Billboards get pasted, bridges get painted and windows are washed far overhead by a giant army of men who are largely invisible to the rest of us. But for migrant labourers, high-rise buildings are a new focus for profit.
Usually, a labourer’s job pays little, but people who come to the city looking for jobs when work in the fields is over have little choice. Working on an 18ft-high cellphone tower or cleaning windows on the 16th floor may be dangerous, but it can lead to a doubling of income.
Kundan Saha, 31, moved from Samastipur in Bihar to Delhi over a decade ago, and works as a window cleaner. He used to work as a “spider-man” cleaner, suspended from a rope harness from the roof, but lately he’s been working as a “lift” cleaner, with a trolley on the side of the building.
“Lift zyaada aasaan nahin hai, jab seekh lete ho toh dono kaam ek hi hai (The lift system isn’t easier; once you’ve learnt the work, both are the same),” he says, explaining that even the rope harness is carefully secured, though it looks more risky.
For window cleaners, it’s regular money. On an average, they earn Rs.600-800 daily. Saha says he makes around Rs.10,000 each month, and doesn’t have to look for jobs every day.
Nitesh S., the proprietor of Rockonn Hygieclean Service, a Gurgaon-based cleaning service, says there is a big demand for professional window-cleaning services, particularly among companies with high-rise buildings in Gurgaon. Since these firms require proper paperwork, most window-cleaning companies look for full-time workers they can train. Nitesh says they have around 50 full-time employees, and he hires more people if required.
But even for people looking for more transitory employment, like carpentry, masonry, bricklaying or general labour, Delhi’s high-rises are full of opportunity.
Faishal, 22, or perhaps 23—he isn’t sure—is a painter who has been working in Delhi for seven-eight years. Faishal, who shares a room with two other men near Malviya Nagar in south Delhi, left his village near Bijnor in Uttar Pradesh for Delhi when he was 15. He had been to the small town of Bijnor before, where he had worked as a painter. After he moved to Delhi, he slept on the station till a contractor hired him to paint buildings. He’s been doing such jobs ever since, sometimes working indoors to paint the walls of a house, sometimes suspended in a creaky harness from the side of a flyover to beautify it.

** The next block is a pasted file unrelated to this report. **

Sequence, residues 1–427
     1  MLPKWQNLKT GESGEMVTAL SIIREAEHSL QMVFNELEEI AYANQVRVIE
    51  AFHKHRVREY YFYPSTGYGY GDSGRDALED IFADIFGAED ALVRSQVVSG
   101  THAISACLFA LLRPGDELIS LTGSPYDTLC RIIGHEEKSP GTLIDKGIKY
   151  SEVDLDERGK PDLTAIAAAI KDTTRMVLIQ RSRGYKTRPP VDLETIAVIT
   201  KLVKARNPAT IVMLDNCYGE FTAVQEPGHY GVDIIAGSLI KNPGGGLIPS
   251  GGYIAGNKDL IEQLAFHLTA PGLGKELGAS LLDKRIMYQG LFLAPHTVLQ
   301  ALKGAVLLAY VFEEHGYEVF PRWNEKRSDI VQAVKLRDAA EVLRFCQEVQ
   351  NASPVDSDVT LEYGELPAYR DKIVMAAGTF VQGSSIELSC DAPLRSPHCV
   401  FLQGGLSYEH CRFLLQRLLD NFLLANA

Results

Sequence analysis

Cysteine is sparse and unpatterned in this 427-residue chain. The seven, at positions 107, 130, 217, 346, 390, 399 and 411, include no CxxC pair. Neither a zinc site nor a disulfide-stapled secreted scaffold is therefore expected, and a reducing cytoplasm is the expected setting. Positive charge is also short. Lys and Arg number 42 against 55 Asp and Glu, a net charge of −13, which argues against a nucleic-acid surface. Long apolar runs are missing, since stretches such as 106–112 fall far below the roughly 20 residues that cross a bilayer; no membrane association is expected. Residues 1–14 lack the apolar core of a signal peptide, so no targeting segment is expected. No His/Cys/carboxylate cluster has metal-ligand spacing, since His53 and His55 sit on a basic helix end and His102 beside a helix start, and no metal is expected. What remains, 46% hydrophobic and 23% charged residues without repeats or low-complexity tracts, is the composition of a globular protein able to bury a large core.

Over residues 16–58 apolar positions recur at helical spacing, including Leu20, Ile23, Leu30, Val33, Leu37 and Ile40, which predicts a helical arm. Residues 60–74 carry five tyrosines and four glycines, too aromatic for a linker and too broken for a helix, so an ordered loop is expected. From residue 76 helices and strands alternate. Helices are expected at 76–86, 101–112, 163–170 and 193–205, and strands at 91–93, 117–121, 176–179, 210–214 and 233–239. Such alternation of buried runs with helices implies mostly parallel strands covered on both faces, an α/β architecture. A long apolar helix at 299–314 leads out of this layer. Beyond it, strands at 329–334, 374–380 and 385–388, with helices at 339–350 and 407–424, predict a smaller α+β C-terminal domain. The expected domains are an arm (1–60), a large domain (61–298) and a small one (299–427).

There is training of sorts. Faishal says, “Sab bata dete hain, sahi tareeke dikhate hai, poorane log naye log ke saath rakhte hain (They tell us what to do, teach us the tricks. The older people teach new people what to do).” Training takes a few hours and they’re supervised for a few days.
Ask him if he feels scared dangling so far above a busy road, and he says, with a touch of bravado, “Jab karte hain toh dar nahin hota hai (When we are doing the work, we are not scared)”. Press him about why he doesn’t find safer work though, and he admits, “Baaki kaam mein profit nahin hai. Pet toh bharna hai (The rest of the work is not as profitable. We have to fill our stomachs).” The Rs.600 Faishal earns for a day’s work is nearly double of what he’d get in a labourer’s job at a construction site on the ground.
Moreover, says Faishal, work in high-rises is easy to come by. Which is why Mohan Shukla, a 30-year-old embroiderer whose family has lived in what is now Noida Sector 52 for as long as he can remember, is working as a carpenter on a construction site. Building the frames and bannisters requires him to work on top of the building, often hanging over the side on floors where the walls are only partly complete.
Shukla is popular—you can’t talk to him without being interrupted by the people passing by pausing to wish him. He worked in a factory in Surat for eight years, but that meant seeing his family for only a few months in a year. When his son was born, three years ago, Shukla decided he needed to stay in Delhi, but the only jobs available were in the booming construction industry—and that meant working in high-rise buildings.
So for the moment there is work. But this could begin changing, perhaps sooner than anyone imagines. For instance, Delhi-based Milagrow Human Tech, which makes tablets, computers and robots, launched a window-cleaning robot in June. Rajeev Karwal, founder and CEO of Milagrow says, “Customers in India are very tech savvy and are ready to adopt the latest technology like never before.”
Till they do, the high-rises will continue to have their invisible workers.